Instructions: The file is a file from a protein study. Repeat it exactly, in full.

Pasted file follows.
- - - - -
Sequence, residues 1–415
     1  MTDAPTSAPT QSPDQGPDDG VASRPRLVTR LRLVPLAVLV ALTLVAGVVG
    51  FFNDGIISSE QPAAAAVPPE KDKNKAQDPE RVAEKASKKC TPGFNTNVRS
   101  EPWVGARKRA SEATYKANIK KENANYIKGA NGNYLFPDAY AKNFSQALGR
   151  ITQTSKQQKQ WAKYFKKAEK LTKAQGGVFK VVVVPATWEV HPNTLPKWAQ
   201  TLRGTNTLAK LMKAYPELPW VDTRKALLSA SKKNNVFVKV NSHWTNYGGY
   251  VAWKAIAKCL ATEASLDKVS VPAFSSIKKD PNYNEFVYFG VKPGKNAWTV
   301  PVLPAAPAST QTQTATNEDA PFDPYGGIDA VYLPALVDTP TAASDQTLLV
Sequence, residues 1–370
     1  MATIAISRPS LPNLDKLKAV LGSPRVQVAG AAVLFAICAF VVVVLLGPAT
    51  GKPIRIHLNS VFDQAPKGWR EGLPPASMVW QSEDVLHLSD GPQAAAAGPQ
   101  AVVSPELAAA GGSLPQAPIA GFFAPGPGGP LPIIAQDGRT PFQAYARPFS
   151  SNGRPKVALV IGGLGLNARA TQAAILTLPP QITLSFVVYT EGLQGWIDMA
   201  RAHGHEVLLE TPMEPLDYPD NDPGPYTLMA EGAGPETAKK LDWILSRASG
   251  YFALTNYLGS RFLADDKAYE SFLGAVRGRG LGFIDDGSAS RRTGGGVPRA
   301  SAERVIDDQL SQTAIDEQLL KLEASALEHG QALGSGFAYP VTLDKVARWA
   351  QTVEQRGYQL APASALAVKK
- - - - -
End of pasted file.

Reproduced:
Sequence, residues 1–415
     1  MTDAPTSAPT QSPDQGPDDG VASRPRLVTR LRLVPLAVLV ALTLVAGVVG
    51  FFNDGIISSE QPAAAAVPPE KDKNKAQDPE RVAEKASKKC TPGFNTNVRS
   101  EPWVGARKRA SEATYKANIK KENANYIKGA NGNYLFPDAY AKNFSQALGR
   151  ITQTSKQQKQ WAKYFKKAEK LTKAQGGVFK VVVVPATWEV HPNTLPKWAQ
   201  TLRGTNTLAK LMKAYPELPW VDTRKALLSA SKKNNVFVKV NSHWTNYGGY
   251  VAWKAIAKCL ATEASLDKVS VPAFSSIKKD PNYNEFVYFG VKPGKNAWTV
   301  PVLPAAPAST QTQTATNEDA PFDPYGGIDA VYLPALVDTP TAASDQTLLV
Sequence, residues 1–370
     1  MATIAISRPS LPNLDKLKAV LGSPRVQVAG AAVLFAICAF VVVVLLGPAT
    51  GKPIRIHLNS VFDQAPKGWR EGLPPASMVW QSEDVLHLSD GPQAAAAGPQ
   101  AVVSPELAAA GGSLPQAPIA GFFAPGPGGP LPIIAQDGRT PFQAYARPFS
   151  SNGRPKVALV IGGLGLNARA TQAAILTLPP QITLSFVVYT EGLQGWIDMA
   201  RAHGHEVLLE TPMEPLDYPD NDPGPYTLMA EGAGPETAKK LDWILSRASG
   251  YFALTNYLGS RFLADDKAYE SFLGAVRGRG LGFIDDGSAS RRTGGGVPRA
   301  SAERVIDDQL SQTAIDEQLL KLEASALEHG QALGSGFAYP VTLDKVARWA
   351  QTVEQRGYQL APASALAVKK